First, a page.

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Jan. 29, 2019

Northwest campus to reopen for normal operations Thursday

Updated: Jan. 30, 2019, 2:38 p.m.


The Northwest Missouri State University campus in Maryville will reopen for normal operations on Thursday, Jan. 31. All classes and activities will resume as scheduled.

Bearcat Commons in the J.W. Jones Student Union is open for dining until 9 p.m. Wednesday. Mooyah and P.O.D. Market in The Station will remain open until 6 p.m. Wednesday. Campus Dining will resume regular hours Thursday.


Monitor conditions

Northwest urges students and employees to monitor weather conditions to maintain safety. Be aware of your surroundings and take precautions. Stay updated on current weather conditions by visiting Northwest’s University Police website, or tune into KXCV-KRNW 90.5 FM or 88.9 FM. 

According to the National Weather Service, Nodaway County is under a wind chill warning until 9 a.m. Thursday with wind chills expected as low as 35 degrees below. The wind chill warning means the combination of cold air and wind will create dangerously low wind chill values. Frostbite can occur quickly and lead to hypothermia or even death if individuals do not take precautions.

As with any emergency at Northwest, the University encourages students and employees to monitor the Northwest homepage, University email accounts, the University calendar and official Northwest social media for announcements regarding campus developments related to the weather.

 

Take precautions

Winter weather and cold temperatures are nothing to take lightly, and these precautions will help ensure your safety.

  • Limit the time you are outdoors in cold, wet or windy weather. Pay attention to weather forecasts and wind chill readings. In very cold, windy weather, exposed skin can develop frostbite in a matter of minutes. Do not ignore shivering. It’s an important first sign that the body is losing heat. Persistent shivering is a signal to return indoors.
  • Dress in several layers of loose, warm clothing rather than a single layer. Air trapped between the layers of clothing acts as insulation against the cold. Wear windproof and waterproof outer garments to protect against wind, snow and rain. Choose undergarments that wick moisture away from your skin. Be sure the outer layer of your clothing is tightly woven, preferably wind resistant, to reduce body-heat loss caused by wind. Wool, silk or polypropylene inner layers of clothing will hold more body heat than cotton. 
  • Stay dry. Wet clothing chills the body rapidly. Excess perspiration will increase heat loss, so remove extra layers of clothing whenever you feel too warm. Also, avoid getting gasoline or alcohol on your skin while de-icing and fueling your car or using a snow blower. These materials in contact with the skin greatly increase heat loss from the body.
  • Wear a hat that fully covers your ears. Heavy woolen or windproof materials make the best headwear for cold protection.
  • Wear mittens rather than gloves for better protection.
  • Watch for signs of frostbite. Early signs of frostbite include redness, prickling and numbness.
  • Plan to protect yourself. When traveling in cold weather, carry emergency supplies, extra blankets and warm clothing in case you become stranded.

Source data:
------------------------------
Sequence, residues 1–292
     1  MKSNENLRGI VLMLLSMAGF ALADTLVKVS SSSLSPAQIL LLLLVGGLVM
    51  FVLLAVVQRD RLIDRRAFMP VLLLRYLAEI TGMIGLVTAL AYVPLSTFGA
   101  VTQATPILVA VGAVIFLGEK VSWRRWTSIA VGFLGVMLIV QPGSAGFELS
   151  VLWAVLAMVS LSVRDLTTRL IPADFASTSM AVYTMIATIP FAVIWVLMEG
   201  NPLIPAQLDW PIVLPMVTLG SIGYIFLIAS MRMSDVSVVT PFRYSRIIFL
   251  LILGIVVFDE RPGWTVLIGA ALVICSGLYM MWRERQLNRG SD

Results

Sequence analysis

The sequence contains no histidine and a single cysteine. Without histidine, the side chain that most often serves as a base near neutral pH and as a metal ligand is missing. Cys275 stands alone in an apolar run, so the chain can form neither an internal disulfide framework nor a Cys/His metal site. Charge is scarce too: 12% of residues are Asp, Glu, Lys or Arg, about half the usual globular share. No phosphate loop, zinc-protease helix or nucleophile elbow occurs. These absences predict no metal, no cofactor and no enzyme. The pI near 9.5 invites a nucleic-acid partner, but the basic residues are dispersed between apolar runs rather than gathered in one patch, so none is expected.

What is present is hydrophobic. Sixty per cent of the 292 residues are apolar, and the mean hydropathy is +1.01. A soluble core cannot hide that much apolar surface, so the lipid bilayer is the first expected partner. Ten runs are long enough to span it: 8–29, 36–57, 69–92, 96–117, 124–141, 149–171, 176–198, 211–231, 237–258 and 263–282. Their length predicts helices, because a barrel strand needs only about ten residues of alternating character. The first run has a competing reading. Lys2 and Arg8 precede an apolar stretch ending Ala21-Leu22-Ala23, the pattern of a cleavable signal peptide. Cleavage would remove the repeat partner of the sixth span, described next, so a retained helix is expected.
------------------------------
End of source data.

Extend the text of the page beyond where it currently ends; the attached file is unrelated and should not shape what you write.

• Plan ahead with your vehicle. Keeping the gas tank at least half filled can help prevent a fuel line freeze. After starting your car, allow it to idle for a minute or two and then drive slowly to heat the oil.

Avoid frostbite and hypothermia

When exposed to cold temperatures, the body begins to lose heat faster than it can be produced. Prolonged exposure to cold eventually use up the body’s stored energy. The result is hypothermia, or abnormally low body temperature. Body temperature that is too low affects the brain, making a person unable to think clearly or move well. This makes hypothermia particularly dangerous because a person may not know it is happening and won’t be able to do anything about it.

Symptoms include a tingly, painful or itchy sensation; a cold or burning sensation; or numbness. The skin can turn red, white or grayish yellow. In severe cases, skin might blister.

Hypothermia: Normal body temperature averages 98.6 degrees. With hypothermia, core temperature drops below 95 degrees. In severe hypothermia, core body temperature drops to 86 degrees or lower. During exposure to cold temperatures, most heat loss – up to 90 percent – escapes through the skin. Heat loss through the skin happens primarily through radiation and speeds up when skin is exposed to wind or moisture. If cold exposure is due to being immersed in cold water, the movement of waves and water can increase heat loss up to 50 percent.

Frostbite: Frostbite occurs when the skin and body tissue just underneath it freezes. It causes a loss of feeling and color in affected areas. It most often affects small, exposed areas of your body, like the nose, ears, cheeks, chin, fingers or toes. Frostbite can permanently damage the body, and severe cases can lead to amputation. The risk of frostbite is increased in people with reduced blood circulation and among people who are not dressed properly for extremely cold temperatures.

Don’t drink alcohol if you plan to be outdoors in cold weather. Alcoholic beverages cause your body to lose heat faster. Eating well-balanced meals and drinking warm, sweet drinks, such as hot chocolate, will help you stay warmer.


For more information, please contact:

Mark Hornickel, Communication Manager
mhorn@nwmissouri.edu | 660.562.1704 | Fax: 660.562.1900

Northwest Missouri State University
215 Administration Building | 800 University Drive | Maryville, MO 64468